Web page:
Client: Network Rail S&C South Alliance
At a Glance
- Full survey needed for S&C replacement
- 1,200m of tracks surveyed remotely
- Topo, P-Way & Orthophoto delivered
- No possession needed at busy location
- One week flying vs months manually
What’s the story?
Plowman Craven was instructed by Network Rail’s S&C (switches & crossings) South Alliance to deliver a range of survey requirements that would enable the replacement of S&C close to Guildford Station in Surrey. With three different branches converging just before the station and more than 30 trains an hour passing through at peak times, the tracks around Guildford receive huge amounts of traffic. Inspections of the switches and crossings take place periodically and all 40-or-so need replacing on a regular basis.
Traditional surveys would require multiple possessions to enable contractors to record and assess the state of the rail infrastructure, but it would be virtually impossible to secure all three tracks at the same time.
The time and cost implications of these possessions would be significant, particularly as the stretch that required surveying is 1,200m long and at its widest point, eight tracks wide.
What did we do?
Using our Vogel R3D UAV survey solution, we were able to capture highly-accurate (sub-5mm) data in a fraction of the time it would have otherwise taken. Operating at a working height of 35m, we flew from three different locations – all from a position of safety with no track access required.
Five days of flying saw our UAV team capture more than 1TB of data, which would likely have taken several months to achieve - first to secure possessions and then to manually survey using a laser scanner or total station.
The Vogel R3D system consists of an industry-leading UAV platform and camera that takes hundreds of overlapping high-resolution images that are stitched together to create a wide range of image and data-based deliverables.
In order to extract 3D data from the images they must be of extremely high quality, so for photogrammetry to be successful we use a 100-megapixel camera that is so powerful it can read a business card from a height of 30m.
In a rail environment, that means being able to read markings on sleepers, identify specific rail clips, examine crossing noses or view the welds on the rails… all simple things that are highly problematic for surveyors working on the tracks at night.
What did we deliver?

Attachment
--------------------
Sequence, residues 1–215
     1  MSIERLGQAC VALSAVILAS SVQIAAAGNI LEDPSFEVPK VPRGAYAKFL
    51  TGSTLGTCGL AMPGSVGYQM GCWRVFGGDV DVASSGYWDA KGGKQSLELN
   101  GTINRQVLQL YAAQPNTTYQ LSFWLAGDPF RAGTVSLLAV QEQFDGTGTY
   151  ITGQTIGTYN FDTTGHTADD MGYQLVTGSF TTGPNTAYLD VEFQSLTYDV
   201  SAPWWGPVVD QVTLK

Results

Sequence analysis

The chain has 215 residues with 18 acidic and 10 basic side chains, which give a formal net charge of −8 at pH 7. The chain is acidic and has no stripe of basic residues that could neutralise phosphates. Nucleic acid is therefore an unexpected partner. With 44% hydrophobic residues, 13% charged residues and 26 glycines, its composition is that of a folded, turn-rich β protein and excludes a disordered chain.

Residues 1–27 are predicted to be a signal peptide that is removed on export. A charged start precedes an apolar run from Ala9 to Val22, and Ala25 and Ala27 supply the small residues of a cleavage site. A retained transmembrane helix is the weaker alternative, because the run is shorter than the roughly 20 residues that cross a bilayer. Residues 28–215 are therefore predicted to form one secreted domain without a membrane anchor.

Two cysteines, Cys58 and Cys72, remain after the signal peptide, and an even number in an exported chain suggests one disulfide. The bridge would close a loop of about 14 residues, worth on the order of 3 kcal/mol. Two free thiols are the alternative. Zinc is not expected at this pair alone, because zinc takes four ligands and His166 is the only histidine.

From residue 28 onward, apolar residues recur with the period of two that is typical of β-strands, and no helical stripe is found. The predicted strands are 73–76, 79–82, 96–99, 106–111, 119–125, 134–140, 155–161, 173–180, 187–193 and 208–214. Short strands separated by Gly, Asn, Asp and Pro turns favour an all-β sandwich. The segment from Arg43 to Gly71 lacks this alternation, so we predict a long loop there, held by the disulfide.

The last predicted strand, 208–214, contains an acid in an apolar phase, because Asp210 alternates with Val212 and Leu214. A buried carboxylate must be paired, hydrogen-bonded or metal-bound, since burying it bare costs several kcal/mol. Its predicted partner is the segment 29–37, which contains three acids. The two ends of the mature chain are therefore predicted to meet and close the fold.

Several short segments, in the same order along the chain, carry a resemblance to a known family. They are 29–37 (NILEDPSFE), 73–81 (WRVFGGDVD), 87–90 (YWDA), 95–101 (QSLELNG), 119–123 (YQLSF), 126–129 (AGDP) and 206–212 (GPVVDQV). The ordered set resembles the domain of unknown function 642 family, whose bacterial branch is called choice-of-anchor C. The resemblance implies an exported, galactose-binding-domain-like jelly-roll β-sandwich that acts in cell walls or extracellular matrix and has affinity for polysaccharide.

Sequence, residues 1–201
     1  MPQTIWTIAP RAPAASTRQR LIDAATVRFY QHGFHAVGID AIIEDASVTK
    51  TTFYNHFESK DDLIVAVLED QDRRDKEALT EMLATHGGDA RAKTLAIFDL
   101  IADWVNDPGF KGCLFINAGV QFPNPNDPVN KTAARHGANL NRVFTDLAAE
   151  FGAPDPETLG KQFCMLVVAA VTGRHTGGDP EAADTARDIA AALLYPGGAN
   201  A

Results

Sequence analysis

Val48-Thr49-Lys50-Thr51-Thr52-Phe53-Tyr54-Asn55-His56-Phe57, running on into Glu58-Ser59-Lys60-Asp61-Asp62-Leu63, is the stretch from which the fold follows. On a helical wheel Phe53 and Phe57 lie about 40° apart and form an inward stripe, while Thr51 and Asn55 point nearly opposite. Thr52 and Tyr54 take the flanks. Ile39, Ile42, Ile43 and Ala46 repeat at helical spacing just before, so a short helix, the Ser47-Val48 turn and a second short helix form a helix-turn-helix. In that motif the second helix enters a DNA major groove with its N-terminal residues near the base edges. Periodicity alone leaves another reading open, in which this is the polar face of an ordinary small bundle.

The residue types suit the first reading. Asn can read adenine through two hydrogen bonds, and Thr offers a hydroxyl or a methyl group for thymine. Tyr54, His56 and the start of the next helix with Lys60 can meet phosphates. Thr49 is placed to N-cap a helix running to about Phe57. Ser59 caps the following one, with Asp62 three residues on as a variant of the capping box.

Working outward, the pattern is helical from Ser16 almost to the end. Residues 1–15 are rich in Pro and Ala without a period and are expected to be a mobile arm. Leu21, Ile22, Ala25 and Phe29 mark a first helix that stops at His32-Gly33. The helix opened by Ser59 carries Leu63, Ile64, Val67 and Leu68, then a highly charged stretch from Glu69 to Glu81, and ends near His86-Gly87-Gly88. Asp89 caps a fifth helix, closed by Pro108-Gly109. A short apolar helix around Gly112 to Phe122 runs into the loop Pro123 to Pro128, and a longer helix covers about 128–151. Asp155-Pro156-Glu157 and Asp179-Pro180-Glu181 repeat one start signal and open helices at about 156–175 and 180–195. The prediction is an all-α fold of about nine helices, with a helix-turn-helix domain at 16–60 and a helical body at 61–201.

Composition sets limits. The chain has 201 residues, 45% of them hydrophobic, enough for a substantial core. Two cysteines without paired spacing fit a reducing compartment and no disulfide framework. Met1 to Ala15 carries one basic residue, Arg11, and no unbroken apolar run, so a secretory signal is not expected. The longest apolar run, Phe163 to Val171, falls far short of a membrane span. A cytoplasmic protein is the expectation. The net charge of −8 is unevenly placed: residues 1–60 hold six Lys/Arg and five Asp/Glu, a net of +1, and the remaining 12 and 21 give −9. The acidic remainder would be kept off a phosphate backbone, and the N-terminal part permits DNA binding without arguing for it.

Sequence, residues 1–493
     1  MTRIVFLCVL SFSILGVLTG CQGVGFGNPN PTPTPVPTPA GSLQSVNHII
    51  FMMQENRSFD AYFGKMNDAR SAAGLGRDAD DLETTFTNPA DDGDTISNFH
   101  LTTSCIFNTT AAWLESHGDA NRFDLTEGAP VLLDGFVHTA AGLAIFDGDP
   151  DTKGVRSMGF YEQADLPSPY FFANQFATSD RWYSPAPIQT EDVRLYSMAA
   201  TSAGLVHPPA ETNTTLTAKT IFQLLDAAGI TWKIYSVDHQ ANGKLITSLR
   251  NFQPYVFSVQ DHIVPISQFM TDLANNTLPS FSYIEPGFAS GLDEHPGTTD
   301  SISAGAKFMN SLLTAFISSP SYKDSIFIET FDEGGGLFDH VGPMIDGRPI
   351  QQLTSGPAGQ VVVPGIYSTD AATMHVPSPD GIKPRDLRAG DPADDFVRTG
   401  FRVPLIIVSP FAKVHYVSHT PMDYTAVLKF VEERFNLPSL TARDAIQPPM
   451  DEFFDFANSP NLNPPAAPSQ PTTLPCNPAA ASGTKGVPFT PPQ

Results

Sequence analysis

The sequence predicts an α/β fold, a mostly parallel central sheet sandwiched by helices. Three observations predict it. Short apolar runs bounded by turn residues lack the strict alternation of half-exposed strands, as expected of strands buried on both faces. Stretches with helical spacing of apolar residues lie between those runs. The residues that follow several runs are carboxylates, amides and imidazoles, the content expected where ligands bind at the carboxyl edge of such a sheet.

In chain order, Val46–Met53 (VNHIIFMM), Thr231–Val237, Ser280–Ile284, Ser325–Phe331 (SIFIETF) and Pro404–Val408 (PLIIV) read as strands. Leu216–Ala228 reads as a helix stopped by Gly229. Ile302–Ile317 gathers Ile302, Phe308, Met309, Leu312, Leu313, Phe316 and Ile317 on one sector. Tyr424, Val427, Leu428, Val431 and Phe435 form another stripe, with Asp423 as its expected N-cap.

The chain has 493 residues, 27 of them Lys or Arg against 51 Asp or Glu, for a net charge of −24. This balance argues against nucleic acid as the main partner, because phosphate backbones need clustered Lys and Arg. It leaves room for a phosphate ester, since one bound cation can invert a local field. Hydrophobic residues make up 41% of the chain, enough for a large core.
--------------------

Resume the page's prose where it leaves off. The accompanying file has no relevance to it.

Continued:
- Topographical surveys of all P-Way detail – including all tracks, switches, crossings, ties, ballast
- Point cloud – for use in CAD packages by designers, enabling the production of BIM (Building Information Modelling) deliverables
- Orthophoto – true-to-scale, high-resolution image with all distortions removed so that measurements can be taken and overlaid with CAD drawings
- Survey met Network Rail’s Band 1 accuracy requirement of +/- 5mm (verified by independent check points and laser profiles of rails)
Another huge advantage of UAV surveying over ‘traditional’ methods is the range of extra benefits. Where manual surveys simply provide topographical and track alignment information, Vogel R3D captures both high-resolution imagery and survey-grade data, covering a much wider area.
By applying robust survey principles and ensuring absolute geospatial accuracy through ground control points, a complete visual record with measurement data behind it is produced. Not only can site visualisations, condition surveys and asset inspections be conducted, enabling stakeholders to ‘walk’ the site from anywhere in the world using a tablet or computer, but using a widely available software package such as Leica’s TruView makes it possible to ‘interrogate’ the imagery and extract measurements.
Users can identify certain areas or points-of-interest, pull up exact measurements on screen and share data with interested parties. For train operators with extremely limited information on the physical characteristics of their routes, being able to access such usable, verified survey data is hugely valuable.
Guildford was the largest, and most difficult, Vogel job to date. With some sections of the track up to 50m wide, establishing survey controls was a real difficulty – thankfully our survey expertise and processing techniques enabled a solution to be found that overcome a potentially unsurmountable problem.
The sheer number of moving and parked trains also presented a problem, not least because the tracks were never clear for more than about 60 seconds. High levels of planning were required to ensure we were in the right position to capture data at the right time.
Being able to manually pause surveying mid-flight proved invaluable, as did setting the photogrammetry overlap to ensure trains blocking tracks didn’t impact on the outputs.
Vogel R3D for Infrastructure
Guildford station presented a unique challenge our UAV team - with multiple bridges and overlying structures to be factored in – and perfectly highlighted the capabilities of Vogel R3D to deliver high-accuracy data for infrastructure.
Along with all of the usual railway p-way features, all the bridges and walkways were also captured and modelled to produce a highly-detailed point cloud of all surrounding structures.
Through a combined analysis of the generated point cloud and high-resolution imagery, we were able to deliver condition analysis reports for the structures, including crack formation and propagation as well as structural damage and misalignment. As with the specific rail surveys, the Vogel was also able to deliver sub-5 mm accuracy.